|Office of the Attorney General - State of Texas
December 21, 1999
Ms. Lan P. Nguyen
Dear Ms. Nguyen:
You ask whether certain information is subject to required public disclosure under chapter 552 of the Government Code. Your request was assigned ID# 130536.
The City of Houston (the "city") has received two requests for information regarding a specific 911 call. Both requestors seek a tape recording of the call. In addition, one of the requestors seeks all documents pertaining to the 911 call. You claim that the requested information is excepted from disclosure under section 552.101 of the Government Code in conjunction with several confidentiality provisions. We have considered the exception you claim and reviewed the submitted information.
We begin our analysis with the internal affairs report submitted as part of the requested documents. You argue that the report is confidential under section 552.101 in conjunction with section 143.089(g) of the Local Government Code. Section 552.101 of the Government Code excepts from disclosure information considered to be confidential by law, either constitutional, statutory, or by judicial decision. Accordingly, section 552.101 encompasses confidentiality provisions such as section 143.089(g) of the Local Government Code. Section 143.089 of the Local Government Code sets out rules governing the content and release of two types of personnel files maintained by municipal fire and police departments. The first category is mandatory. "The director or director's designee shall maintain a personnel file on each fire fighter and police officer." Gov't Code § 143.089(a). This mandatory file must contain "any letter, memorandum, or document relating to: . . . (2) any misconduct by the fire fighter or police officer if the letter, memorandum, or document is from the employing department and if the misconduct resulted in disciplinary action by the employing department in accordance with this chapter." Gov't Code § 143.089(a)(2) (emphasis added). Release of information contained in this mandatory file is governed by subsections 143.089(e) and (f) which state:
(e) The fire fighter or police officer is entitled, on request, to a copy of any letter, memorandum, or document placed in the person's personnel file. . . .
(f) The director or the director's designee may not release any information contained in a fire fighter's or police officer's personnel file without first obtaining the person's written permission, unless release of the information is required by law.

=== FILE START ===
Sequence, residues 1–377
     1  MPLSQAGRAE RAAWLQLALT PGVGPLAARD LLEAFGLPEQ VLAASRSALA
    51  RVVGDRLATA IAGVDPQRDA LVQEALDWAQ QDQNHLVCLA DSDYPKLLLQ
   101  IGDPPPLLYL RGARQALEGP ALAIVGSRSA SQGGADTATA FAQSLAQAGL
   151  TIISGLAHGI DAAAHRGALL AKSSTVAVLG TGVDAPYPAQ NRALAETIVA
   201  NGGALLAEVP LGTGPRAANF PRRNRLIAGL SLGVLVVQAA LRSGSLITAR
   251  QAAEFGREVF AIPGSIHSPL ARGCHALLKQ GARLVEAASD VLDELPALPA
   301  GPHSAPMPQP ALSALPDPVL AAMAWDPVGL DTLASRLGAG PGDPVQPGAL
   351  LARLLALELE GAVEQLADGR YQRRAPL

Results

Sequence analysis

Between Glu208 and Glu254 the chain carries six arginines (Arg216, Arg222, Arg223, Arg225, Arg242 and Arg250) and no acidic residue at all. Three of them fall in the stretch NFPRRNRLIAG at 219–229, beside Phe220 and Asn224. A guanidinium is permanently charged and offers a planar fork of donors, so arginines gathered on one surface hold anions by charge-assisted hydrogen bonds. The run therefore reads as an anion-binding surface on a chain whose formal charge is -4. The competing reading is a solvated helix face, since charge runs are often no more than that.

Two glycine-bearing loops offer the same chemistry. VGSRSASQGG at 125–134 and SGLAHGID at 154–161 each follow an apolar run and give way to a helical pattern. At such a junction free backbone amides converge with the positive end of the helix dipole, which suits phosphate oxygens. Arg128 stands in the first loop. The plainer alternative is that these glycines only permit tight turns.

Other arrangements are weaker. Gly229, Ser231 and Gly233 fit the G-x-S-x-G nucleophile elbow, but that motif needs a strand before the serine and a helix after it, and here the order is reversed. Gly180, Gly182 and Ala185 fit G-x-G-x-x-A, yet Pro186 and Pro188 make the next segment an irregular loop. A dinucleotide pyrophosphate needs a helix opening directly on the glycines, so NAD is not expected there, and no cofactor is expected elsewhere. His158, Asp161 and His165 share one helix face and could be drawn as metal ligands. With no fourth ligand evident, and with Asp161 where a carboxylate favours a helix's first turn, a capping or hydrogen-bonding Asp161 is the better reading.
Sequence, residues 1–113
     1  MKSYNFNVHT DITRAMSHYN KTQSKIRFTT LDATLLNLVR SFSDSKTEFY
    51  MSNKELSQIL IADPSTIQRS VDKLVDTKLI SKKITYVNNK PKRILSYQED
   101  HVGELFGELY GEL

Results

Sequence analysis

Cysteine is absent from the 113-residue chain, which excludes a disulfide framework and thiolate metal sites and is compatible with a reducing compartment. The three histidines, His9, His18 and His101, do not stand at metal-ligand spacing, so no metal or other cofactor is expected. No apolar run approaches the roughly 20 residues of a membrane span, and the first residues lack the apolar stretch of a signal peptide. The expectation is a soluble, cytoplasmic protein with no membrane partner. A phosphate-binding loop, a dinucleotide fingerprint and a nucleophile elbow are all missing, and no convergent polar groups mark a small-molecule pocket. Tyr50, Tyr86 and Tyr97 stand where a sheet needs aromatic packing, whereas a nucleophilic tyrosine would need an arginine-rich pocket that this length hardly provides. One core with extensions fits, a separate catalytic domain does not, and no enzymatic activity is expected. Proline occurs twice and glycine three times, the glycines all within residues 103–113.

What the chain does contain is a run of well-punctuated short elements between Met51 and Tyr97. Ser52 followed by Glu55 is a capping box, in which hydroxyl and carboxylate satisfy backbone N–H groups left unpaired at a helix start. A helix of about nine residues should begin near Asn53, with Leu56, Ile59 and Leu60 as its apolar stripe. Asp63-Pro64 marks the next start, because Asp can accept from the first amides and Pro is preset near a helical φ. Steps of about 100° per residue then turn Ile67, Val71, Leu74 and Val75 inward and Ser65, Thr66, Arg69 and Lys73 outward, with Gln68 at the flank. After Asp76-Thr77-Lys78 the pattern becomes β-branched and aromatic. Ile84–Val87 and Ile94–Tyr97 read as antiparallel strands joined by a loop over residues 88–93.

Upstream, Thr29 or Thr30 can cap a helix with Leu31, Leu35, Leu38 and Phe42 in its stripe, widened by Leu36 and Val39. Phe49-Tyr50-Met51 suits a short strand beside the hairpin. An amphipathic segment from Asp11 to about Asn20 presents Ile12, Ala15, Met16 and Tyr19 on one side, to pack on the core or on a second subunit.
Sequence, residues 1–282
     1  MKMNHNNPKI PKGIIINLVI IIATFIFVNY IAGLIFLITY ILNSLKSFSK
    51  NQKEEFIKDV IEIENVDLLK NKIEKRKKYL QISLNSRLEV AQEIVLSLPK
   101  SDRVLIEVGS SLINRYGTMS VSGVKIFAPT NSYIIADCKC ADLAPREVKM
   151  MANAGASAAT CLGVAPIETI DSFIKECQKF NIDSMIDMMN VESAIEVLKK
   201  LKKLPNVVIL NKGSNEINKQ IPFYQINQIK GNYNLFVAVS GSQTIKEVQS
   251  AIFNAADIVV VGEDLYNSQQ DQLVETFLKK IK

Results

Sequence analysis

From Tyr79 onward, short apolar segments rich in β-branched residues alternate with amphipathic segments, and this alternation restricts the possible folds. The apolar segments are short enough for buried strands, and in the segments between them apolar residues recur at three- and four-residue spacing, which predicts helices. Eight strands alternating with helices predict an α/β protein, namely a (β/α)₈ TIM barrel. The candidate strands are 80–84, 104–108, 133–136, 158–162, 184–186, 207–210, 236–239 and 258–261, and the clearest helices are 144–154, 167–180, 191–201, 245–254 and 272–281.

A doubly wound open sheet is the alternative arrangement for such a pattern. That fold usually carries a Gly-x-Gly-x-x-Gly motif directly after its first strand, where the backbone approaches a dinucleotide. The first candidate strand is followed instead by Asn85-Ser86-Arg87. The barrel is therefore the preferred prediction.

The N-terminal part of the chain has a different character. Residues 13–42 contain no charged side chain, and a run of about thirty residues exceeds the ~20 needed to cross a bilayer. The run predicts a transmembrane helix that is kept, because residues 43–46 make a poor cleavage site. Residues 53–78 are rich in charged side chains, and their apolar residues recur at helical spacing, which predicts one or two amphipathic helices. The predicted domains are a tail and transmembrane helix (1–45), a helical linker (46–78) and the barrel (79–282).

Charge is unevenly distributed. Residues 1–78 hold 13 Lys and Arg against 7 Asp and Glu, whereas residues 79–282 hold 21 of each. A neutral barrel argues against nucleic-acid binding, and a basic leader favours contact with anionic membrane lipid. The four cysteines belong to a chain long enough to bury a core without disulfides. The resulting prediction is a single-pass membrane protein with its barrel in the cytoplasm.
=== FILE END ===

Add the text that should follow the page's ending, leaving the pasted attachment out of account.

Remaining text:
Because information contained in this type of file may be released on the basis of other law or the person's consent, this information is not confidential and is therefore subject to the Texas Public Information Act (the "Act"), chapter 552 of the Government Code. Local Gov't Code § 143.089(f); Open Records Decision No. 562 at 6 (1990).
The second type of file described in section 143.089 is discretionary. "A fire or police department may maintain a personnel file on a fire fighter or police officer employed by the department for the department's use . . . ." Local Gov't Code § 143.089(g). The information contained in this type of file is confidential. "[T]he department may not release any information contained in the department file to any agency or person requesting information relating to a fire fighter or police officer. . . ." Local Gov't Code § 143.089(g); see also City of San Antonio v. Texas Attorney Gen., 851 S.W.2d 946, 949 (Tex. App.--Austin 1993, writ denied).
The city has adopted chapter 143 of the Local Government Code, and, therefore, the city fire department is authorized to maintain internal files on its fire fighters. You argue that the submitted report is maintained in the fire department's "discretionary file" pursuant to section 143.089(g). Therefore, you argue that the report is confidential under section 143.089(g). We agree that information maintained in the department's internal personnel file is confidential under section 143.089(g). However, the submitted investigative report relates to an allegation of misconduct on the part of a fire dispatcher employed by the City of Houston Fire Department. The report indicates that the allegation was sustained and that disciplinary action was taken. Therefore, the entire report is a document relating to misconduct that resulted in disciplinary action that must be maintained in the "mandatory file" pursuant to section 143.089(a)(2). Therefore, the report is subject to the Act.(1) Open Records Decision No. 562 at 6 (1990). Because you have not raised any exceptions to required disclosure under the Act, the city must release the report except for the portions that are confidential by law.
For example, the report contains certain personal information about two employees of the Houston Fire Department. Section 552.117 of the Government Code excepts from disclosure the home addresses and telephone numbers, social security numbers, and family member information of current or former officials or employees of a governmental body who request that this information be kept confidential under section 552.024 of the Government Code. Whether a particular piece of information is protected by section 552.117 must be determined at the time the request for it is made. See Open Records Decision No. 530 at 5 (1989). Therefore, if the employees made timely elections under section 552.024, the city must withhold from disclosure their home addresses, home telephone numbers, as well as their social security numbers, and information that reveals whether they have family members.